Our Top Discovery at 2019 South By Southwest: Illuminati Hotties

No lists. No countdowns. No patience necessary. Here’s the best band we saw at South by Southwest 2019, Illuminati Hotties. With more than 2000 official acts this year, it helps to have a name that catches the eye of someone…


Mike Henneberger


Posted on March 25, 2019

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No lists. No countdowns. No patience necessary. Here’s the best band we saw at South by Southwest 2019, Illuminati Hotties.

With more than 2000 official acts this year, it helps to have a name that catches the eye of someone quickly scrolling through the list of mostly unknowns and up-and-comers. While South by Southwest will deliver a familiar name or two across all genres, it’s mostly a festival of discovery. No matter how much wannabe-music-snobs want to say it’s “soooo commercial” and “just isn’t the same,” or entitled music industry drones want to complain about how “ugh…it’s just part of the job” or “it’s just not worth it,” for music die-hard music FANS, there’s no bigger or better celebration of music in the country. There’s no festival or event that gives indie artists more opportunity or exposure to people who simply appreciate music. That’s why I’ve gone to the last 10 in a row.

This year was different in a few ways. There weren’t as many big names. But that’s never been what SXSW is about. There weren’t as many people. But I’ve always said that if I could pick my own heaven, it would be South by Southwest without all the people. So I’m not complaining about that. And just like every other year, thanks to some good planning before the fest, I left Austin, TX after five days of music with a lot of new favorite bands that are getting regular rotation in my playlists.

At the top of that list is Illuminati Hotties––Sarah Tudzin’s misleadingly pluralized indie rock act that musically has a punk edge sometimes, and lyrically has one all the time, as Sarah sings hard truths hidden in soft-sung melodies. Just make it to the end of this video and listen to her song “Shape of my Hands” as she rocks out with “are you still thinking about me? I know you are but I still wonder,” only to lead into the final lines sung practically in a whisper: “You remind me of somethin’; I scratched on a napkin “It doesn’t matter how many people love you All that matters is how one person loves you” Kissed me on the temple when you thought I was sleeping And said, “You are so…” I never quite caught the last word But I’m sure it’s the sweetest thing that I’ve ever not heard”

Somehow, the perfect description of Tudzin’s lyrics does just as well to describe her voice––mid-20s disappointment but with a strength that holds on to hope and optimism no matter what tries to tear it away. The two are constantly at war with each other, but more like a friendly rivalry, in which the fun would end if one were to ever win. So neither does. And that tug-of-war is what makes her music everything music should be: relatable, entertaining, and just as cathartically soothing as aggressively (and appropriately) angsty.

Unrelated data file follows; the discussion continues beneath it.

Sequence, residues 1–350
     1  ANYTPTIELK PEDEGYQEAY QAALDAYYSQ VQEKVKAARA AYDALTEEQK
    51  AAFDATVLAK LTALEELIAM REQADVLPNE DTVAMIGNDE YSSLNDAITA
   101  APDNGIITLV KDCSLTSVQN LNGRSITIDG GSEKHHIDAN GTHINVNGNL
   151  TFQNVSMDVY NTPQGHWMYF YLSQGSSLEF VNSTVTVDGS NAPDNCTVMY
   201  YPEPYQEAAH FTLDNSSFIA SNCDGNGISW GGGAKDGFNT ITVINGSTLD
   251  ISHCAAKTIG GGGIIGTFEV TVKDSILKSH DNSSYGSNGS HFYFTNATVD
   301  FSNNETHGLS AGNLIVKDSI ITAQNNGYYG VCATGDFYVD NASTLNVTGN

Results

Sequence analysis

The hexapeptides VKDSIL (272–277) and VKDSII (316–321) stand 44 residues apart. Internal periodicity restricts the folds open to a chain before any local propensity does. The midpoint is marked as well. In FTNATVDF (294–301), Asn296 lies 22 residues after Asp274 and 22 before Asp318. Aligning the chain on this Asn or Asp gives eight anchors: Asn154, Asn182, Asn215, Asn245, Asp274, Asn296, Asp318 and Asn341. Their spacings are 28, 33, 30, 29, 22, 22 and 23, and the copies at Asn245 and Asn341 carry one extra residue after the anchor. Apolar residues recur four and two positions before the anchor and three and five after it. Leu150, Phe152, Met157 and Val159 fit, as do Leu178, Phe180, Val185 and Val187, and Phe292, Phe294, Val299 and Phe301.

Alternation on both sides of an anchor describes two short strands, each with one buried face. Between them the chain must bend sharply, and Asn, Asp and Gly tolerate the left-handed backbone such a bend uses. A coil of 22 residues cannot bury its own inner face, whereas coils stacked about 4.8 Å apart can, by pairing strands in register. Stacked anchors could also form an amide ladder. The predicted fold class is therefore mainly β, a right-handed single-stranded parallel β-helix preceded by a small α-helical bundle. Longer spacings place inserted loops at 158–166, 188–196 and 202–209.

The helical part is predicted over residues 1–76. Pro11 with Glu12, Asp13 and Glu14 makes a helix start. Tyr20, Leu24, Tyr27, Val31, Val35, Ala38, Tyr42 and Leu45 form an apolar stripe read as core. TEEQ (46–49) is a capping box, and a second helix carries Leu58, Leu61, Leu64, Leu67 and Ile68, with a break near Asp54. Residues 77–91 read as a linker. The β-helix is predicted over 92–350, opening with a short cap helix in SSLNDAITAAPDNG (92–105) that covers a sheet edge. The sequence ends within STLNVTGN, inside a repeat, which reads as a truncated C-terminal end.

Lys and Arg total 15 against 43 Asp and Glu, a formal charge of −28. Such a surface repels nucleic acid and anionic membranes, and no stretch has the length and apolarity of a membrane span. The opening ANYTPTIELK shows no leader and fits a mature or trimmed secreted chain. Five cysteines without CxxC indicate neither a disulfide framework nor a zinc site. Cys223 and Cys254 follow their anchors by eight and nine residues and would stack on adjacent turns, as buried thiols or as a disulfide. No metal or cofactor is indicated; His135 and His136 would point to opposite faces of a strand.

But this isn’t teen angst. We have enough of that shit, don’t we? We need more acts like Illuminati Hotties assisting us with early-adulthood apprehension. “It’s not to say that I’m unfortunate,” Sarah sings in “(You’re Better) Than Ever,” the first single of her debut album, lat year’s Kiss Yr Frenemies. “It’s not to say that I’m unfortunate, or that I haven’t been succeeding. But I’m a hushed and quiet resonance, when I wanted to be screaming.” Ain’t that all-too-often the goddamn truth of adulthood.

I saw Illuminati Hotties on my second-to-last night at South by Southwest, at their ninth show
out of ten. It felt like a punk show. And not just because it was in a gritty east Austin bar called Dozen Street. And not just because the “stage” was on the floor (maybe 2-3 inches off, if any). But because the at-capacity crowd was pushed right up the floor monitors, giving the band only-enough room to play their songs shoulder-to-shoulder. Yet they didn’t let that stop them from using that space like a mainstage at a festival (where I predict they’ll be next year). The dance melodic indie/punk rock feels like a Teenage Fanclub for a new generation. Their live show reminded me of another South by Southwest favorite from 2017, Diet Cig––power chord rock-and-roll with the positive energy that’s needed to keep a smile on your face as you sing lyrics that should do the opposite.

You don’t get on 10 shows at Southby just because you want to bust your ass. You gotta be good. Check out the video for our interview with Sarah, and to see some footage from Southby. Then go get your new favorite album, Kiss Yr Frenemies, and catch Illuminati Hotties on tour with American Football this May.

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